“I went to my Filipino friend’s baby shower this weekend,” a colleague of mine, who is Korean American, once said to me. “Man, that kid looked Asian!”
Despite their great numbers in the United States, Filipinos have not yet made a clear impression on the American mind at large, and even other Asian Americans may sometimes think they are somehow Latin American or Polynesian. The complexity of their identity no doubt confuses us: they are a people who often natively speak three very different languages (Tagalog, English, and Spanish), and may very well speak other Philippine languages in addition. They are superbly open to foreign influences of all kinds, and have absorbed culture from China, Singapore, Thailand, and Spain and the United States.
Of course, I know that even this is a simplification. Those 7,000 islands harbor a lot of diversity, and the “they” that we think of in the United States probably does not capture much of it. “They” were converted to Christianity in the days of Magellan, and have rejected most of the beliefs and practices of the pre-Christian era. Interestingly, though, the Ilongots of the mountains of Luzon, like many other peoples in the Austronesian sphere, practiced headhunting well into the twentieth century.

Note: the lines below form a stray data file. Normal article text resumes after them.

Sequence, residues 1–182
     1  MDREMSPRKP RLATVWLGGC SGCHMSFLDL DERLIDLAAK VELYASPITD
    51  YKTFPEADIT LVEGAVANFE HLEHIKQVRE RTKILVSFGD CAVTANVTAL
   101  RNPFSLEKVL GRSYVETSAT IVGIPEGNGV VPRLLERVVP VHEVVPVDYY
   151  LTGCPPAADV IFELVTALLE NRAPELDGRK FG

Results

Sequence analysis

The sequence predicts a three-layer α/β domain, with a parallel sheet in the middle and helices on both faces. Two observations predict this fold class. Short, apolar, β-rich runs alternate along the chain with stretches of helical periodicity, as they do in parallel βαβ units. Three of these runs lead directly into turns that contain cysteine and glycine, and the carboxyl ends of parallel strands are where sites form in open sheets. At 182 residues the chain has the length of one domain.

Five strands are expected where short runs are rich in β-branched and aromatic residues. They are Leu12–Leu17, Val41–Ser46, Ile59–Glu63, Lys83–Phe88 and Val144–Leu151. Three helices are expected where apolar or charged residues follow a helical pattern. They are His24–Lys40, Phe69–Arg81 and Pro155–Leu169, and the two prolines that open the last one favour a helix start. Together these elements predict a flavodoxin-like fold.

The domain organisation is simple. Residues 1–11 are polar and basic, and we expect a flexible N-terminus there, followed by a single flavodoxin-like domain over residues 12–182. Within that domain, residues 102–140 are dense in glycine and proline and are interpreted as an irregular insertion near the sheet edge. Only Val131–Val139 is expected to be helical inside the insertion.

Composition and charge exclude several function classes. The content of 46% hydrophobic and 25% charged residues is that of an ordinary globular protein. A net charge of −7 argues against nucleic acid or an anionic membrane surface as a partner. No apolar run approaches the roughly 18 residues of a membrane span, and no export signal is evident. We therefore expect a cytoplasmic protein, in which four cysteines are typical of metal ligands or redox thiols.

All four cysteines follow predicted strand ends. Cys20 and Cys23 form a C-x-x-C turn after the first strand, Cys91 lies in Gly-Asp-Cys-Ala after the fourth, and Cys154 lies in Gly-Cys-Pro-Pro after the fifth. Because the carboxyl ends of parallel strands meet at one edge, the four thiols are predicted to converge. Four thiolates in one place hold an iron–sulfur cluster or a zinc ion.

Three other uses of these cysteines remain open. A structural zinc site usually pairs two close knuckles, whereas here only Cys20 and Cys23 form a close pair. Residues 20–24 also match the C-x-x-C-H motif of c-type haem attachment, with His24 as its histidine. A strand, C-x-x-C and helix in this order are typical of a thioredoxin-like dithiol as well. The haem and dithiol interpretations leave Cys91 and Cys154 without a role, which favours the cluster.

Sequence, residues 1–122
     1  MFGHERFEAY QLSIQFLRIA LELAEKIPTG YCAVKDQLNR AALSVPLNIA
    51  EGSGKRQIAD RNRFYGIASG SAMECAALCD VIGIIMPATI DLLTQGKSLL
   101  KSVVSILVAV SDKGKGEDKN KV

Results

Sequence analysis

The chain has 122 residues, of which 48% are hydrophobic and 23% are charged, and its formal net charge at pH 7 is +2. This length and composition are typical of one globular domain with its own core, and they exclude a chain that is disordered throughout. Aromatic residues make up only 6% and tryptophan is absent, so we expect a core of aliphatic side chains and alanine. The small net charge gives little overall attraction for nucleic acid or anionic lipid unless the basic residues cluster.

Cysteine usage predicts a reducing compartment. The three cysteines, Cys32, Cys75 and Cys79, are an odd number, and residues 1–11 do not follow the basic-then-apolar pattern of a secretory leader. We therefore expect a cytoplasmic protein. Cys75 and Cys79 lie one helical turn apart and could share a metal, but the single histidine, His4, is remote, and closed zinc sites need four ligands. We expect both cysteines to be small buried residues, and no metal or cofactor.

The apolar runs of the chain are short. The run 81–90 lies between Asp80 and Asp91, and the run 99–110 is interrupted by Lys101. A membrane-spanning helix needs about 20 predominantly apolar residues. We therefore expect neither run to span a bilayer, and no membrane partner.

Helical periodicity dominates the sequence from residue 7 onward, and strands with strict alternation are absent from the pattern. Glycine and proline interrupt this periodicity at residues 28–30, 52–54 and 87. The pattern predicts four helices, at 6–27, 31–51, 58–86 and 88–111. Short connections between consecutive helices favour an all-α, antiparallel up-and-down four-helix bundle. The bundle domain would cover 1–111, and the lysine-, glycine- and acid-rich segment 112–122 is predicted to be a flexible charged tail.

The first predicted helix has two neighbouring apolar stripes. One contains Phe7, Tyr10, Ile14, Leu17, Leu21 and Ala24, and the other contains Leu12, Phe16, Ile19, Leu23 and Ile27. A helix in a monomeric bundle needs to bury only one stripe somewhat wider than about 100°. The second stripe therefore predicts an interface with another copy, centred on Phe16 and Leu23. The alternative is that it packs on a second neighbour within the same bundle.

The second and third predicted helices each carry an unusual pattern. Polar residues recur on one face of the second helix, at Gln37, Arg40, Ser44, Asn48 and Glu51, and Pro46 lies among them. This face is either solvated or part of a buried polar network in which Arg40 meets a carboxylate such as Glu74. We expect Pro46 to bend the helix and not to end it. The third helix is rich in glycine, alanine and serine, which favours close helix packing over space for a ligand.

It is possible to taste a little of the diversity of the Philippines in Queens. An immigrant from the Bicol Region, a group of islands southeast of Luzon, opened Papa’s Kitchen—a restaurant serving Bicol dishes—in Woodside a few years ago. I went tonight.
Papa’s Kitchen is a tiny space with painted brick walls. A chalkboard menu hangs over the counter, lending the restaurant the ambience of a coffee shop. There are probably four tables on a regular night; tonight, two of them were pushed together to accommodate a large party of Filipina women out to celebrate a birthday. My meal was accompanied by a constant patter of conversation in Tagalog, English, and Spanish.
I ordered Laing, which seemed to please the waiter immensely. He soon came to my table beaming with a large banana leaf cut in a circle. Then he brought the Laing, a bowl of dark green vegetable matter.
To be precise, Laing is made of taro leaves cooked in coconut milk with a little shrimp base, and spiced with hot chilies. I soon understood why the waiter was so pleased. He was soon agreeing with me that, yes, it really is quite good. It is spicy, rich, and creamy. It brings to mind Indian saag, but the coconut milk makes a pronounced contribution.
The TV hanging over the entrance was tuned to America’s Got Talent when I came in. But before I left, they turned this show off and brought a microphone to the birthday girl for karaoke. She sang with surprising range and control. Talent indeed.
65-40 Woodside Avenue
Woodside, NY 11377
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